The facts I was able to find more easily dealt with the background types of things,  and sometimes that’s enough.   If, for instance, you’ve got a lot of experience making things out of wood,  and you want to write about someone making an item from wood you’ve never made, all you really need for the story is a set of directions on how to make that item.  You know what the tools are, what it feels like to use them, what different woods are like…you can imagine yourself into the character who is, say, making a coffin.    If, however, you’re trying to create a character doing something you’ve never done–but it’s something a lot of people have done–then your research needs to encompass how people with that experience felt and thought while having it.  You need not just technical knowledge but the touchy-feely kind of knowledge–if you grab that (whatever that is) what does it feel like.  What does it sound like when you drop it?   Does it break or bounce or just go plop?  If  you’re dealing with a group situation (and I am) what are group dynamics like in that kind of situation?  What kinds of characters react well or badly or not at all to that situation?    How do people feel–physically, emotionally, spiritually?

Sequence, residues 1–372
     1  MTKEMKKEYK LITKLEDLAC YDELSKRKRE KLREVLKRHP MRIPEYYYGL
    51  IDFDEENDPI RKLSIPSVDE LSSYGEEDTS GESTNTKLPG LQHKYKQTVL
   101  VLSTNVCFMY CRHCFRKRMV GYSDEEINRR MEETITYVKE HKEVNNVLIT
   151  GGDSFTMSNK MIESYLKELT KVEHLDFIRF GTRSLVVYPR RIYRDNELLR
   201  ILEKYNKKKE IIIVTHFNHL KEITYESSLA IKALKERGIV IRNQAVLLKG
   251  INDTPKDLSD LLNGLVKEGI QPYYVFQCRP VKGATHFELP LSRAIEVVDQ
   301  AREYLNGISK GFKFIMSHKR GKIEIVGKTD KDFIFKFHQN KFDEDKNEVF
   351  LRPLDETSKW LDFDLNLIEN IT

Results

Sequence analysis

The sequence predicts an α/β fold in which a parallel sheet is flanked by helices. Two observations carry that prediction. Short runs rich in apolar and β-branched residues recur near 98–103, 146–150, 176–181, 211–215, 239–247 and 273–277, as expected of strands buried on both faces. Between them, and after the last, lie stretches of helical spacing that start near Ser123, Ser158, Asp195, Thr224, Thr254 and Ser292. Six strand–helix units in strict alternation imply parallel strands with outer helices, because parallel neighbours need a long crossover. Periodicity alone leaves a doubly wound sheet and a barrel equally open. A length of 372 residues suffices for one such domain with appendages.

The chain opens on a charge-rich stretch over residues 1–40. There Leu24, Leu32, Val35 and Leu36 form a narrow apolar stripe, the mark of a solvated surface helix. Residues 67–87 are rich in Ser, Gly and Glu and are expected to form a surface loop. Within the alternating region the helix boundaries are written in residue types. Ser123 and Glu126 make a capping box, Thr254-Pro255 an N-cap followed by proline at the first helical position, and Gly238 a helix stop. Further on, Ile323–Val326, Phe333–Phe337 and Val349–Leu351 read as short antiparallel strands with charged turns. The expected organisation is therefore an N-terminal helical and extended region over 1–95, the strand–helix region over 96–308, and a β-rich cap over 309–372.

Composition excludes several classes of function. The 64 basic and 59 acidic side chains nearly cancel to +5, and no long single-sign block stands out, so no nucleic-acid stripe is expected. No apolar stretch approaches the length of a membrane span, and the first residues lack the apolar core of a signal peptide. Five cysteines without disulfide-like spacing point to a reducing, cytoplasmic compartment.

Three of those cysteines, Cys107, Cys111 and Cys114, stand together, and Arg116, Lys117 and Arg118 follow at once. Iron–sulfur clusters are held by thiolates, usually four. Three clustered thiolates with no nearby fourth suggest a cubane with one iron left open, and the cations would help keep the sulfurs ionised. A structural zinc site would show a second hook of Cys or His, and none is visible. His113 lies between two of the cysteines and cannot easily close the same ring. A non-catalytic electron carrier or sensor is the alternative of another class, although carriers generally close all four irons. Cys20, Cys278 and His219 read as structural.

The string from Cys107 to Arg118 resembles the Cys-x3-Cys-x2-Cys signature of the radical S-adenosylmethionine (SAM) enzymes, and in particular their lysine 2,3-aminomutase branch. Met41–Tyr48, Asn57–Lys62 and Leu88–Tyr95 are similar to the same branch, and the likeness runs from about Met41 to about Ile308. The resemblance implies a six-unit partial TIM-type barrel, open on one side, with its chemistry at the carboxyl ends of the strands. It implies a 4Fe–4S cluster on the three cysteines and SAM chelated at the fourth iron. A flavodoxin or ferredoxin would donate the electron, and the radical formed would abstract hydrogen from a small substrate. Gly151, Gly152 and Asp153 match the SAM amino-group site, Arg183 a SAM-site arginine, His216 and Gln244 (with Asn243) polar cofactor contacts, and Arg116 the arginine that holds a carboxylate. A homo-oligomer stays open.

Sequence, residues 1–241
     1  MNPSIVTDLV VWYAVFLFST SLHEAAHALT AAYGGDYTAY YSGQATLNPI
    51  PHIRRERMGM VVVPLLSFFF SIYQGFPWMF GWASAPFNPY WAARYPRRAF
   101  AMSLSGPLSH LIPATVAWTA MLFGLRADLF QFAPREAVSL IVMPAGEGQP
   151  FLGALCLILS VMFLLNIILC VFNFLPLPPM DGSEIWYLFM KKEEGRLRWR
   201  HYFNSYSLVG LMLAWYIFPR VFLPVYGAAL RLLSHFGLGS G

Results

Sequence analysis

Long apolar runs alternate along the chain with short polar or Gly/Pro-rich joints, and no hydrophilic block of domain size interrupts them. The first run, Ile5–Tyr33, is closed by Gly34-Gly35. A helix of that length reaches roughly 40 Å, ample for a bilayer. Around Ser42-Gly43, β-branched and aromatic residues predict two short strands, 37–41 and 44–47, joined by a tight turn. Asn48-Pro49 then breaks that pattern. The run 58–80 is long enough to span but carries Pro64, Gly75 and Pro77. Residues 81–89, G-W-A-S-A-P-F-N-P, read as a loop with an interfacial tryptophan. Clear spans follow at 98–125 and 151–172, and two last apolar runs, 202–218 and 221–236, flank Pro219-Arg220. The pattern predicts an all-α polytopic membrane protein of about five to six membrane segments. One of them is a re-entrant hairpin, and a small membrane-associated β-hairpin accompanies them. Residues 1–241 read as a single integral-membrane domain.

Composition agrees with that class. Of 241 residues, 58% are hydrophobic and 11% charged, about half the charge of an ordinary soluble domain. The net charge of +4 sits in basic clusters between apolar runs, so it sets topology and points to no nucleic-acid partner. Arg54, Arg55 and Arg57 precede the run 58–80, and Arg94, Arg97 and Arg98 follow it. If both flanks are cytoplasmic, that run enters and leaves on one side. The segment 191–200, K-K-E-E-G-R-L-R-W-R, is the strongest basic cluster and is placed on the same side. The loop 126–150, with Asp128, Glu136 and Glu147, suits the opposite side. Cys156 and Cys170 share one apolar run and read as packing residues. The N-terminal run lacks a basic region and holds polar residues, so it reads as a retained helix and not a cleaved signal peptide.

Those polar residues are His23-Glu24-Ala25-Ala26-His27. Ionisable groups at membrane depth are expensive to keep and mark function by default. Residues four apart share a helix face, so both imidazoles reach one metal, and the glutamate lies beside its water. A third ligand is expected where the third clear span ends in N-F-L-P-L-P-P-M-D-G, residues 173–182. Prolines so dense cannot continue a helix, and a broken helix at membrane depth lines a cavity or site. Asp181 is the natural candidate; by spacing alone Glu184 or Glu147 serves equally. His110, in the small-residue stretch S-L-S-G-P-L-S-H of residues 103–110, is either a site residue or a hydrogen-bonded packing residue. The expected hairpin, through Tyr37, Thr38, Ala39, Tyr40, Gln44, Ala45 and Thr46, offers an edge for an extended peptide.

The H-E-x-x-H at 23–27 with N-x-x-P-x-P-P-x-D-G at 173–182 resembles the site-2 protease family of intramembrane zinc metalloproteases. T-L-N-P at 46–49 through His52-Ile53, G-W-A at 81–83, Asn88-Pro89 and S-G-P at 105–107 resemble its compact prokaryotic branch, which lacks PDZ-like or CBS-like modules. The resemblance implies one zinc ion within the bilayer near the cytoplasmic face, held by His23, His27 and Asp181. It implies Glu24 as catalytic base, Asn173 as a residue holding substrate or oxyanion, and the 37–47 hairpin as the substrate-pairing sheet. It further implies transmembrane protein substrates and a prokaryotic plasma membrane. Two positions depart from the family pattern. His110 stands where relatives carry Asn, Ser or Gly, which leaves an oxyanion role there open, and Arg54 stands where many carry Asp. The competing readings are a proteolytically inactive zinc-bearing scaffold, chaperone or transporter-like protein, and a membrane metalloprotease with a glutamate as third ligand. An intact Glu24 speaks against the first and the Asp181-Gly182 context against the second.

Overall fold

A common way for stories of unfamiliar events to fail is for the writer to have researched the facts but not the human interface with those facts.  For instance, every military veteran has run across stories in which the apparent facts are OK–yes, that weapon fires that round, yes, that vehicle can move that fast–but the characters feel wrong because they do not think, feel, or react like real soldiers.    I was watching one of the Alien movies (I forget which–first or second anyway) in a movie theater near an Army base.   At one point, there was an audible mutter from all corners of the theater (including from me and my husband) about what would happen next, in reality–and it didn’t, in the movie.  Coming out, the military guys who’d watched it were all still griping that X would not have lived past Y because Z would have fragged the [redacted-redacted-redacted.]